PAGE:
It might be safe to say that it’s not your first time reading about mindfulness. The term and various practices that fall under it have become increasingly popular as ways to manage stress, anxiety, and other mental and emotional challenges.
Mindfulness is the ability to maintain moment-by-moment awareness of ourselves and our current experience - including thoughts, feelings, body sensations, and the environment we are in.
In today’s modern life, we are potentially facing acute stressors throughout the day such as traffic, deadlines, or rushing home to make dinner for the family. Coupled with chronic underlying stressors like finances or ailments, it's understandable how mindfulness could be of great benefit. In the present moment, all that is, is that moment itself, and in that moment events of the past or deadlines of the future don’t exist. Further, it can take us into a state of being able to observe not only all that is happening, but also our reactions to it. In this way, we have the ability to more consciously choose how we relate and react to things happening around us.
Traditional mindfulness stems from ancient practices that the Buddha himself used to achieve enlightenment. This entailed sitting still in a meditative posture, practicing presence of the breath and the body, and achieving a state of complete non-reactivity to anything that may be there.
Although many people can certainly understand the benefits, the common association of practicing mindfulness being formal meditation can create a challenge. If I had a dime for every time I’ve heard someone say “I’m just not good at meditating”…well, I’d have a lot dimes!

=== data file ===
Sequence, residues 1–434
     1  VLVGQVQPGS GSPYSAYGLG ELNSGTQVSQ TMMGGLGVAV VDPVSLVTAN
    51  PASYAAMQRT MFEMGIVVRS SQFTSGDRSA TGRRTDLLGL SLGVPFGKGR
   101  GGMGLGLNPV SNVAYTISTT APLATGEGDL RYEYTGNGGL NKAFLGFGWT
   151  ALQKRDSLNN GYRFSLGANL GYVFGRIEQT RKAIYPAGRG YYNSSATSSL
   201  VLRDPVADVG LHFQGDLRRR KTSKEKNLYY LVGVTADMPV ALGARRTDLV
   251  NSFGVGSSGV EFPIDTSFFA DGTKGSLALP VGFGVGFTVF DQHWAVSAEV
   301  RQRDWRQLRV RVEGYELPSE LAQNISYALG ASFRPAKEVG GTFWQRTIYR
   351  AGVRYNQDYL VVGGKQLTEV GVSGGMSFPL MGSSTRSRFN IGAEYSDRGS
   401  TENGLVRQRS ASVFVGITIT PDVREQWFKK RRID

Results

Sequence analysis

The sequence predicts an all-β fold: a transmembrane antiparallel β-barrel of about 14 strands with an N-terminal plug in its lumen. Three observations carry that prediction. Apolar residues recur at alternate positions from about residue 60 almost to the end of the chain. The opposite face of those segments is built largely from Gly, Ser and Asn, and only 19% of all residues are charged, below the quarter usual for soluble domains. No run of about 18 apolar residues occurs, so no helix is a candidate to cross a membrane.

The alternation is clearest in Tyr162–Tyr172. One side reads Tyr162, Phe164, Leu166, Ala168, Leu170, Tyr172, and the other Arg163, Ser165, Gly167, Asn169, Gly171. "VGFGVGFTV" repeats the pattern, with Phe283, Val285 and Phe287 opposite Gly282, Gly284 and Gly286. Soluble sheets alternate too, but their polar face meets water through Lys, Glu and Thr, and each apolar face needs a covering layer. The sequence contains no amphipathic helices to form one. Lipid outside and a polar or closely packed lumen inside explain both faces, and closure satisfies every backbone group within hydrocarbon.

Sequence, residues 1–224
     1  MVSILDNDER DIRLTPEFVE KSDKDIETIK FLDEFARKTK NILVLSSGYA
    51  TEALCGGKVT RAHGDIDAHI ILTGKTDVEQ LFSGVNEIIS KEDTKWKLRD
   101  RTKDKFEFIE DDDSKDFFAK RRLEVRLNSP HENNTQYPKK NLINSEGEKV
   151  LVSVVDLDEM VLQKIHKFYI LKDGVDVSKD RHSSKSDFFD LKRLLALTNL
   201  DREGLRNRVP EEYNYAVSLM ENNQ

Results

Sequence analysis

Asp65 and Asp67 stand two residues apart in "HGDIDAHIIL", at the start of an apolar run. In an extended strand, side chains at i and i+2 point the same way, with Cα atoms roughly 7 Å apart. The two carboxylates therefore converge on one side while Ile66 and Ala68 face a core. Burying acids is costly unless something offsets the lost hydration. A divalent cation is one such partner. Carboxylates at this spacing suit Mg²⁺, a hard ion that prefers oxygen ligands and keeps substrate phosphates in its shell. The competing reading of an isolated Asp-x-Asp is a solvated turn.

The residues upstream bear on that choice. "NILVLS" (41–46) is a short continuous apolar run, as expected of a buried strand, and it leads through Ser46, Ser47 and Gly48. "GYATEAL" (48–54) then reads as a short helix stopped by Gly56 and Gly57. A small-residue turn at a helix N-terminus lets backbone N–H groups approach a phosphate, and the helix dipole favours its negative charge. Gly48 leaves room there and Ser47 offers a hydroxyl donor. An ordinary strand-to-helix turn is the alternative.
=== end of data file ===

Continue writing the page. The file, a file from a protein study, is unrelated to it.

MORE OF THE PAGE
There's difficulty in bringing these practices to our modern lives. For some, it's having access to a quiet, conducive place to meditate. Many people say they can’t find the time. For others, just sitting still can be a painful challenge, both for the body and the mind. If it doesn’t feel accessible and interesting, there’s much less incentive to getting over the initial hurdle of developing a regular practice.
In my work as a Psychotherapist, I’ve been able to witness clients make mindfulness their own - that is, apply this ancient wisdom to their modern lives and unique personalities. By looking at the principles of mindfulness - awareness of body, thoughts, feelings and environment, and then identify things they enjoy doing, combining the two can create a mindfulness practice that is both accessible and effective for them.
Believe it or not, I enjoy cleaning. Why not make what could be a time-consuming chore, into a chance to really practice mindfulness by bringing full awareness to the experience of mopping for instance - awareness of the smell of the cleaner, the look of the surface of the floor, the feeling in my arms as I move the mop around - so many opportunities to practice mindfulness! And if my mind drifts off into thinking about yesterday’s presentation, or next week’s deadline, once I've notice it's drifted, I gently come back to the present moment in which all that exists is me mopping the floor, the smell of the cleaner...you get the point.
Now for those who don’t love cleaning as much I do, maybe you’d like to start with something you do enjoy - going on a mindful walk, taking a mindful bath, or even eating your next bowl of ice cream, oh so mindfully. The point is, any experience we have is one that can be done mindfully. And if you allow yourself to start with something you enjoy, the chances of continuing to practice in other areas - maybe even eventually in a seated posture - are much greater.
Rome wasn’t built in a day. A mountain isn’t climbed in one step. Like working towards any goal, start small, and set yourself up to succeed. And know that to practice mindfulness, all you need is the intention, your mind, and a reminder that anything you are doing can be done mindfully.